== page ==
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Predictors of treatment attendance and adherence to treatment recommendations among individuals receiving Cognitive Behavioral Therapy for Insomnia

Insomnia is very common, affecting up to 37% of adults, and is linked to a host of mental and physical health problems. Cognitive Behavioral Therapy for Insomnia (CBT-I) is recommended as the first line treatment for insomnia by the National Institutes of Health, the American Academy of Sleep Medicine, and the American College of Physicians. 

CBT-I targets underlying behaviors theorized to perpetuate insomnia. The treatment typically consists of stimulus control, sleep restriction, and sleep hygiene. Stimulus control involves helping patients to strengthen the association between the bed or bedroom and sleeping, such as by advising them to refrain from playing on the phone while in bed and to use the bed only for sleeping. Sleep restriction consists of advising patients to limit the amount of time they allow themselves to be in bed, which tends to make the person sleepier in the short term but leads to sleep that is more continuous in the long term. Sleep hygiene instructions consist of common tips such as setting a consistent bed and wake time, cutting out caffeine products late in the day, etc. CBT-I has been shown to be effective at improving the time it takes to fall asleep, improving the patient’s ability to stay asleep, and reducing incidences of waking up earlier than desired. 

Unfortunately the treatment is both lengthy (e.g., usually taking 6 sessions over a 6 to 8 week period) and challenging (e.g., many patients find sleep restriction to be difficult). Not surprisingly, poor attendance and adherence to treatment recommendations are common and have been associated with worse CBT-I outcomes.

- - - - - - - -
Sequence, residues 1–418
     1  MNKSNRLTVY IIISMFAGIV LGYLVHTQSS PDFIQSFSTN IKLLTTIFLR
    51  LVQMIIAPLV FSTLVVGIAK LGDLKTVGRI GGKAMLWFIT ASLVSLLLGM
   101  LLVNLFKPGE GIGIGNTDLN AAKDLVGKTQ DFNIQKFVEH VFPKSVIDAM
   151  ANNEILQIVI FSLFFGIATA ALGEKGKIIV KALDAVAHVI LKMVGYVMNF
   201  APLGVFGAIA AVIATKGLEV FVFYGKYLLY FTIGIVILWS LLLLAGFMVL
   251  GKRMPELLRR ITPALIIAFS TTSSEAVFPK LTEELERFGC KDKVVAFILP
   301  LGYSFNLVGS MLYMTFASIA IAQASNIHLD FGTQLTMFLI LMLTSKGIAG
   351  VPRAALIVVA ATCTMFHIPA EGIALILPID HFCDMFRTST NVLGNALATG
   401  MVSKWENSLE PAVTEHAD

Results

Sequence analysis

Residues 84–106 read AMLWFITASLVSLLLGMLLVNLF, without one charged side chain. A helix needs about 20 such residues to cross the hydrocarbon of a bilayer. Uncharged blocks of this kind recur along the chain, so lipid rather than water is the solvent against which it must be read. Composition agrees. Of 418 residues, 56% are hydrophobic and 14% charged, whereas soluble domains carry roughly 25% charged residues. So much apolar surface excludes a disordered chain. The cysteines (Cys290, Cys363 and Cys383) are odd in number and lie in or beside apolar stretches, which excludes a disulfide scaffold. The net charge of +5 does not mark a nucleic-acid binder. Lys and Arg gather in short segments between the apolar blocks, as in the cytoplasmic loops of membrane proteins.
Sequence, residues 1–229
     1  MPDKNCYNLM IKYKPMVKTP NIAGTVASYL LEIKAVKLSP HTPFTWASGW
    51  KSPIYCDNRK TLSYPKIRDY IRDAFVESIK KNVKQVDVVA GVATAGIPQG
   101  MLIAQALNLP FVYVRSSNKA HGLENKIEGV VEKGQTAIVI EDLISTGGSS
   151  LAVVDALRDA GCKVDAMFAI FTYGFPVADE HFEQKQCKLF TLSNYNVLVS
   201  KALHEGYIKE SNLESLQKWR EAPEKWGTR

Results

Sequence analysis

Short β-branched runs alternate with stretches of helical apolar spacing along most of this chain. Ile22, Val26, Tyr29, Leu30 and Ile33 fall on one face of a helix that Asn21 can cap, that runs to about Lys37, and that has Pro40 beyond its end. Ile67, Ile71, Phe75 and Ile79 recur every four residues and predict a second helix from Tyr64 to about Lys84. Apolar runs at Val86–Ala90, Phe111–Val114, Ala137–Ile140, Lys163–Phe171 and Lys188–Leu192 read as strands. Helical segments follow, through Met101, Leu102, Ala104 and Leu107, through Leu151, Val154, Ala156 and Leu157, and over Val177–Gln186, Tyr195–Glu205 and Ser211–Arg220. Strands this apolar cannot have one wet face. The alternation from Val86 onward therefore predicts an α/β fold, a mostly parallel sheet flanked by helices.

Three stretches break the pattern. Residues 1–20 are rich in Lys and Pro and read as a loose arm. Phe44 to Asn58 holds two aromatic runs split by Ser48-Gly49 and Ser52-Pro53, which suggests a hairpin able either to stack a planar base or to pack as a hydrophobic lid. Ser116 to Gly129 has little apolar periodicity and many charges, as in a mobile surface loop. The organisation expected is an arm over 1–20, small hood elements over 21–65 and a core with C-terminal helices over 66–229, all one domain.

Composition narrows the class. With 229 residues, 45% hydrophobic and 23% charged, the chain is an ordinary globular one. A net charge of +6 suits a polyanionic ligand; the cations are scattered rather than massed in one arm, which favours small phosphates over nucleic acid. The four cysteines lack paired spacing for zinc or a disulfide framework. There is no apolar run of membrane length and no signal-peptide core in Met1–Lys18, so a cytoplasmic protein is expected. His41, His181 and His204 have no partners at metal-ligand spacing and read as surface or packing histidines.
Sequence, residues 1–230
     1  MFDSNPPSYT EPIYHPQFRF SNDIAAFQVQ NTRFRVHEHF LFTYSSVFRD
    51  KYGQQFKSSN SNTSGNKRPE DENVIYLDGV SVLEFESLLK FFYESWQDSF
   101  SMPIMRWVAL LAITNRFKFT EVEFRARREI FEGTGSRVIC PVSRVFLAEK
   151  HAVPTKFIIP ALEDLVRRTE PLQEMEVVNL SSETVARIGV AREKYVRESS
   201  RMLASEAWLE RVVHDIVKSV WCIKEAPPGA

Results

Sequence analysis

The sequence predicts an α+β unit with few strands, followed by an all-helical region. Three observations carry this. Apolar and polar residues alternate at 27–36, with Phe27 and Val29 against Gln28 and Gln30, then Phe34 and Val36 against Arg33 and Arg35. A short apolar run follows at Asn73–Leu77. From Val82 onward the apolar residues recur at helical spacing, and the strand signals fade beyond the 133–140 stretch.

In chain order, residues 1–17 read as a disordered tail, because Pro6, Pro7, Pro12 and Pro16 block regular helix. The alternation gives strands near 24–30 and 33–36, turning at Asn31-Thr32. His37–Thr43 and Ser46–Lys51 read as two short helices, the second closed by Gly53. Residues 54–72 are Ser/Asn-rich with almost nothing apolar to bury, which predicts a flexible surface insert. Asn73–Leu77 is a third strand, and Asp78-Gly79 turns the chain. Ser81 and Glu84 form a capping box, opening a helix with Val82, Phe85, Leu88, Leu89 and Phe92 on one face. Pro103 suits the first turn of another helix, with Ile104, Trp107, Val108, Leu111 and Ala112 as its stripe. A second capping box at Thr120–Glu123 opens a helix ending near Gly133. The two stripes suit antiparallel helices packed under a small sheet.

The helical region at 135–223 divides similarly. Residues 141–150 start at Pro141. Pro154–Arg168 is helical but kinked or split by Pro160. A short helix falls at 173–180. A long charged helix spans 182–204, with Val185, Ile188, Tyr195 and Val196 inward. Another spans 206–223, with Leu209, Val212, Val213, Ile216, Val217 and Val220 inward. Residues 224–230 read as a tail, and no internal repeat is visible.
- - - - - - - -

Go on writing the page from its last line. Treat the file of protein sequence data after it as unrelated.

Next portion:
In the present study, we aimed to find clues as to why so many patients either drop out of CBT-I or fail to follow treatment recommendations.  We looked for predictors of treatment attendance, defined as showing up for at least three sessions, and treatment adherence, defined as following the treatment recommendation to keep a consistent bed and wake time.  Participants in the study were community dwelling adults who came to an outpatient clinic for CBT-I. Factors we tested as possible predictors included age, gender, ethnicity, education level, employment status, marital status, number of co-occurring physical health problems, anxiety symptoms, depression symptoms, and severity of insomnia symptoms. Only age and mental health predicted treatment attendance and adherence. Older individuals attended more sessions and deviated less from a consistent bed and wake time. Individuals with higher anxiety and depression symptoms attended fewer sessions. Those with more depression also struggled more with adhering to a consistent wake time. 

It may be possible to improve insomnia treatment utilization for people who also suffer from depression or anxiety symptoms by detecting and treating these symptoms either before or concurrent with CBT-I. Our study also suggests that it is important to consider age when delivering CBT-I.  As younger individuals tend to struggle more with both treatment attendance and adherence, it may be helpful to tailor CBT-I for younger adults.  One possibility might be to incorporate the use of technology, such as phone, email or text reminders, to encourage patients to attend and adhere to treatment.

Insomnia is a common disorder that negatively impacts health and overall quality of life. Although CBT-I is a very effective treatment for insomnia, it is a challenging treatment, which many individuals struggle to follow. Our study identified several characteristics of the types of people who are likely to struggle with CBT-I. Now the challenge is to find ways to tailor treatments toward the needs of these individuals so that they will continue to show up to treatment and follow treatment recommendations. 

Read the full paper: Cui, R. & Fiske, A. (in press). Predictors of treatment attendance and adherence to treatment recommendations among individuals receiving Cognitive Behavioral Therapy for Insomnia. Cognitive Behaviour Therapy. doi.org/10.1080/16506073.2019.1586992

Photo by: bark

Pictured: Ruifeng Cui

 

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